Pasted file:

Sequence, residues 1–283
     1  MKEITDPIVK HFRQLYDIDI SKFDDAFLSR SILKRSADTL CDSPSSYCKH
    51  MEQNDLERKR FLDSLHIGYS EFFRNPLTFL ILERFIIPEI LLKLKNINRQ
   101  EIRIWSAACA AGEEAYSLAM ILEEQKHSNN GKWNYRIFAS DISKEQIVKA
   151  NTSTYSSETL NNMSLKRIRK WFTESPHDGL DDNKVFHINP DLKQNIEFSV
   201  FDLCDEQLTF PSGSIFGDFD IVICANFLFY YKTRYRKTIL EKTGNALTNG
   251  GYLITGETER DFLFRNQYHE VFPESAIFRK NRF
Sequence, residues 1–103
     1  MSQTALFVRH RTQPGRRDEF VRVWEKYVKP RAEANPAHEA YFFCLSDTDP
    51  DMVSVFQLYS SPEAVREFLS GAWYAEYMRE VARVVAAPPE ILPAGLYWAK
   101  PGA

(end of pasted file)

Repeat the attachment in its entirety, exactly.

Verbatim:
Sequence, residues 1–283
     1  MKEITDPIVK HFRQLYDIDI SKFDDAFLSR SILKRSADTL CDSPSSYCKH
    51  MEQNDLERKR FLDSLHIGYS EFFRNPLTFL ILERFIIPEI LLKLKNINRQ
   101  EIRIWSAACA AGEEAYSLAM ILEEQKHSNN GKWNYRIFAS DISKEQIVKA
   151  NTSTYSSETL NNMSLKRIRK WFTESPHDGL DDNKVFHINP DLKQNIEFSV
   201  FDLCDEQLTF PSGSIFGDFD IVICANFLFY YKTRYRKTIL EKTGNALTNG
   251  GYLITGETER DFLFRNQYHE VFPESAIFRK NRF
Sequence, residues 1–103
     1  MSQTALFVRH RTQPGRRDEF VRVWEKYVKP RAEANPAHEA YFFCLSDTDP
    51  DMVSVFQLYS SPEAVREFLS GAWYAEYMRE VARVVAAPPE ILPAGLYWAK
   101  PGA